Abercorn (Gaelic: Obar Chùirnidh, Old English: Æbbercurnig) is a village and civil parish in West Lothian, Scotland. Close to the south coast of the Firth of Forth, the village is around 5 km (3.1 mi) west of South Queensferry. The parish had a population of 458 at the 2011 Census.
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Etymologically, Abercorn is a Cumbric place-name meaning "mouth of the Cornie Burn". The name of the stream itself is also Cumbric and seems to derive from *kernan "mound, hill" and so to be named after the hill on which Abercorn stands.
The English monk and historian Bede mentions Abercorn as the site of a monastery and seat of Bishop Trumwine who was the only bishop of the Northumbrian see of the Picts. The monastery is now known to have existed close to the present day church. The church itself dates partially from the 12th century, although its most interesting features are the private aisles created for the three major families of the area, the Dalyells, the Hamiltons, and later the Hopes, who had their own enclosure behind the altar built by architect William Bruce. The Hope mausoleum, designed by William Burn, is located adjacent to the kirkyard. Older burial monuments include Norsemen "hogback" stones, and fragments of 7th century Northumbrian crosses.
A castle also existed here from Norman times, although it was demolished in 1455 by James II during a siege against the "Black Douglases" and their chief James Douglas, 9th Earl of Douglas. The House of the Binns, seat of the Dalyell family, is within the parish.
The lands of Abercorn were granted to Claud Hamilton in the 16th century. His son was later created the Earl of Abercorn. In the early 17th century, a branch of the Hamilton dynasty moved to Ulster in Ireland. The family would, henceforth, play a major part in Ulster affairs. Thus, the estate was later sold to the Hope family, who were created Earls of Hopetoun, and built Hopetoun House to the east of the village.
Abercorn's population was recorded as 1,044 at the time of the 1821 census, although it has since declined.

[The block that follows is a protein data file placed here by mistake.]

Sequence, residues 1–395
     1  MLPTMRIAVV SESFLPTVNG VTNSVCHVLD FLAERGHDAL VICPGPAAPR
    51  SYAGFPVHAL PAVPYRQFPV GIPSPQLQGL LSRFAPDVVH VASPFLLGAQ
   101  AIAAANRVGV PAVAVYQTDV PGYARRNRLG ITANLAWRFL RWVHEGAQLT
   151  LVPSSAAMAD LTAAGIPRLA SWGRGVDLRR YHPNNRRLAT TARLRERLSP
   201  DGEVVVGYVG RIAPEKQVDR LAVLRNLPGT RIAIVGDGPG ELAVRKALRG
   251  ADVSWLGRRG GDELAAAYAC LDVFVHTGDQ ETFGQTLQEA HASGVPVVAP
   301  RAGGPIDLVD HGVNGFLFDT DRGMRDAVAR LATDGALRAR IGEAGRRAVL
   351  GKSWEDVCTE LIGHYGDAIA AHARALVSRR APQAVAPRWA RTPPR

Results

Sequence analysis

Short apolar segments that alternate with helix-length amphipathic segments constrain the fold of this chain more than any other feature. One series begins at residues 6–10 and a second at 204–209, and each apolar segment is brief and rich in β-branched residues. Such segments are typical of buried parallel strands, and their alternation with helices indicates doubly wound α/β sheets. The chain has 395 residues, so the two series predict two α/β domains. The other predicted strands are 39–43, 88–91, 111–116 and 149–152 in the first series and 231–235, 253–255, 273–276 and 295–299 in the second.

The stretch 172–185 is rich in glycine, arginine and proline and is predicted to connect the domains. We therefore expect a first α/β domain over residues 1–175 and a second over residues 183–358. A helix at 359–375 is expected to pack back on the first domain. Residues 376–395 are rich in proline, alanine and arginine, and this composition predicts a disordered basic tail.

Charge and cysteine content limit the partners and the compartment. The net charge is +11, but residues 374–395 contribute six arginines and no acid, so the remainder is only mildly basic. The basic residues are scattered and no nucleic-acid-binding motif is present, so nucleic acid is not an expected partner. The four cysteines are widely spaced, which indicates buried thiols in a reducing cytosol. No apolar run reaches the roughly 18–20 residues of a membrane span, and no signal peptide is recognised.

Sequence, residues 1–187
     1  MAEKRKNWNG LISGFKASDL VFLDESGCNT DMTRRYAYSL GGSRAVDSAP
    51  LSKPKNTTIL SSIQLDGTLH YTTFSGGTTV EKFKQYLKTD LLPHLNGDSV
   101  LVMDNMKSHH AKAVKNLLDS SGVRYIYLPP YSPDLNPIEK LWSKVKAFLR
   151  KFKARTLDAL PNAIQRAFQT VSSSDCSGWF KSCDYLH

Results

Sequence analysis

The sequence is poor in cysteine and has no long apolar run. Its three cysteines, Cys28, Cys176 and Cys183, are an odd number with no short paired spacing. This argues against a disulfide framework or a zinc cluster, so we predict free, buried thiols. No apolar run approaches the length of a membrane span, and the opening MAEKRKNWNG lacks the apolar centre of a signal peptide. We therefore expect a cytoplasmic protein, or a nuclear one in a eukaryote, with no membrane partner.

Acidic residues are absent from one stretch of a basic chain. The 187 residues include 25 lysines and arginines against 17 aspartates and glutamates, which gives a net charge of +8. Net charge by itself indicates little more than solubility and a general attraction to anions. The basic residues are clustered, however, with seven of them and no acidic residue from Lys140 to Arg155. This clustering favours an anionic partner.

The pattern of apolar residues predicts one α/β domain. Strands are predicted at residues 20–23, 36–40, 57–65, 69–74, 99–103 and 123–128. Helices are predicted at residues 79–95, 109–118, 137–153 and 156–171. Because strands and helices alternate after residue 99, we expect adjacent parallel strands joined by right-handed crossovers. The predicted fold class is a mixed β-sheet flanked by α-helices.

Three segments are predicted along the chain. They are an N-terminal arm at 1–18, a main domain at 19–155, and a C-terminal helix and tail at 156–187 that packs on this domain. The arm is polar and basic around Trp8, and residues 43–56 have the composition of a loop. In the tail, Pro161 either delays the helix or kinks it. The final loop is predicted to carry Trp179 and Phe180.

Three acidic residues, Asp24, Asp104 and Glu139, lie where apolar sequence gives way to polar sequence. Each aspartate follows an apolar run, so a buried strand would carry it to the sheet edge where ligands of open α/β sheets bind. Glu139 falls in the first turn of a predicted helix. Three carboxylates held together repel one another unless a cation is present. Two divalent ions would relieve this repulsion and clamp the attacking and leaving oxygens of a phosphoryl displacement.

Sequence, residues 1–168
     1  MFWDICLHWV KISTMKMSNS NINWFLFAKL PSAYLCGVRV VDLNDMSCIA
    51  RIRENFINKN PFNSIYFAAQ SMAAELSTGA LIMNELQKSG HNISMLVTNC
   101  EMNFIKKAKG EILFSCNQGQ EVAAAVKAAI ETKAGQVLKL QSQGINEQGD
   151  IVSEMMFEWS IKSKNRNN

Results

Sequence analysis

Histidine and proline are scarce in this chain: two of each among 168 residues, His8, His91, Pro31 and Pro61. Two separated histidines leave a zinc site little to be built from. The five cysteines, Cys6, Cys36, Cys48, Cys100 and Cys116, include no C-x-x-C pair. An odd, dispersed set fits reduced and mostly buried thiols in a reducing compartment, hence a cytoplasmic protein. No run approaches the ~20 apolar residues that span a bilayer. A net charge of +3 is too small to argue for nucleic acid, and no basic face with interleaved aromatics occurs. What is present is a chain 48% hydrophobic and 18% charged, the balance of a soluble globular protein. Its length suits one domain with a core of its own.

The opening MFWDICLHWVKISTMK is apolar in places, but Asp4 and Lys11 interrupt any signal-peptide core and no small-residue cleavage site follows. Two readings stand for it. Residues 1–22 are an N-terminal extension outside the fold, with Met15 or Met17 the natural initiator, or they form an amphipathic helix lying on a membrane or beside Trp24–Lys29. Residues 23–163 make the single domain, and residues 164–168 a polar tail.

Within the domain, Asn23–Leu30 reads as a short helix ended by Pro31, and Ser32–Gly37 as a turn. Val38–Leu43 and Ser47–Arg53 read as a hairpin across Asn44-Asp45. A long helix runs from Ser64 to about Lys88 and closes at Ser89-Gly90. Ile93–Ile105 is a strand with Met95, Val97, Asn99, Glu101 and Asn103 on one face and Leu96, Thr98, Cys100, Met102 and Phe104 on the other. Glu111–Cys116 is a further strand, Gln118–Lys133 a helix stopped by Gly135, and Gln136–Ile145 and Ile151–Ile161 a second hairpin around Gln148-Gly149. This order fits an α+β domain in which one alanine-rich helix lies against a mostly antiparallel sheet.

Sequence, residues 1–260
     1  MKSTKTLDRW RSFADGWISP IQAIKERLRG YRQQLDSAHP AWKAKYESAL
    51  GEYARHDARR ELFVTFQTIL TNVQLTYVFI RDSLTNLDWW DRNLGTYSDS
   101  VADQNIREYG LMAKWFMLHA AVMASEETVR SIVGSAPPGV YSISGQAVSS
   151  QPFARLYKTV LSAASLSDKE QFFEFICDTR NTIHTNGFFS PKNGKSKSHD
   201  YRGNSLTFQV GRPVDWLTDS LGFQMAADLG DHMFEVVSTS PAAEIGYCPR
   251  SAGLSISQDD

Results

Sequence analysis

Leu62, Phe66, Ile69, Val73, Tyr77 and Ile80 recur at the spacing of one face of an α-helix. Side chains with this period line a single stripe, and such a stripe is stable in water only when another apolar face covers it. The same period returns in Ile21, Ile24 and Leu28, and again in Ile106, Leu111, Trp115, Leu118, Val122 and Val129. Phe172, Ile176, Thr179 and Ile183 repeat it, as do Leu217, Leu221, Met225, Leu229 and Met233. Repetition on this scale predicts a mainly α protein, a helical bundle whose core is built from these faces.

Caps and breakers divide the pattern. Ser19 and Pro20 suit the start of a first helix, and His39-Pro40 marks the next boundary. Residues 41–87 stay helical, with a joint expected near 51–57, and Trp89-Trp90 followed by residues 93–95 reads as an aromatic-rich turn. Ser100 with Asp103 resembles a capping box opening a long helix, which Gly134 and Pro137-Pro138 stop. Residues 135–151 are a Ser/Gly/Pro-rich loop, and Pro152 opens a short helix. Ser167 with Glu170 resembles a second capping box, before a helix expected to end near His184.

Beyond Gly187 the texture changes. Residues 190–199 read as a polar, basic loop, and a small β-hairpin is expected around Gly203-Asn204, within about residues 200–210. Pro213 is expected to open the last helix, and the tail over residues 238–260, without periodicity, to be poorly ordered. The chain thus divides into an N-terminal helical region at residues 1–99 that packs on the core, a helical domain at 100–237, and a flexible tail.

For a very short time, Abercorn was a residential bishopric. In 681, during the reign of King Ecgfrith of Northumbria, Theodore of Tarsus, Archbishop of Canterbury, appointed Trumwine "Bishop of the Picts", with his seat at Abercorn. This was part of a more general division of the Northumbrian church by Theodore, who also created the Bishopric of Hexham by separation from the Bishopric of Lindisfarne.
Four years later, Trumwine may have been present at the defeat and death of Ecgfrith at the Battle of Dun Nechtain, after which he was forced to flee from his Pictish bishopric, retiring to the monastery at Whitby. The bishopric of Abercorn thus ceased to be a residential diocese.
It is today listed by the Catholic Church as a titular see. The diocese was nominally restored as a Latin Catholic titular bishopric in 1973. It must not be confounded with the former Diocese of Abercorn in southern Africa.
It has had the following incumbents, all of the lowest (episcopal) rank:
Notable burials in AbercornEdit
The Cornie Burn where it joins the Midhope Burn and thence passes into the Forth
- Census of Scotland 2011, Table KS101SC – Usual Resident Population, published by National Records of Scotland. Website http://www.scotlandscensus.gov.uk/ retrieved Apr 2018. See “Standard Outputs”, Table KS101SC, Area type: Civil Parish 1930, Area: Abercorn
- Bethany Fox, 'The P-Celtic Place-Names of North-East England and South-East Scotland', The Heroic Age, 10 (2007), http://www.heroicage.org/issues/10/fox.html (appendix at http://www.heroicage.org/issues/10/fox-appendix.html).
- "Hopetoun House, Mausoleum". Canmore. Retrieved 19 June 2017.
- Abercorn History Archived 2014-04-08 at the Wayback Machine from The Seton Family retrieved 24 May 2013
- Abercorn from Vision of Britain retrieved 24 May 2013
- Bede, Ecclesiastical History IV.12.
- Bertam Colgrave (tr.), Bede: The Ecclesiastical History of the English People, p. 403, s.v. 192.
- Fraser, Battle of Dunnichen, p. 47.
- Bede, Ecclesiastical History IV.26.
- Annuario Pontificio 2013 (Libreria Editrice Vaticana 2013 ISBN 978-88-209-9070-1), p. 821
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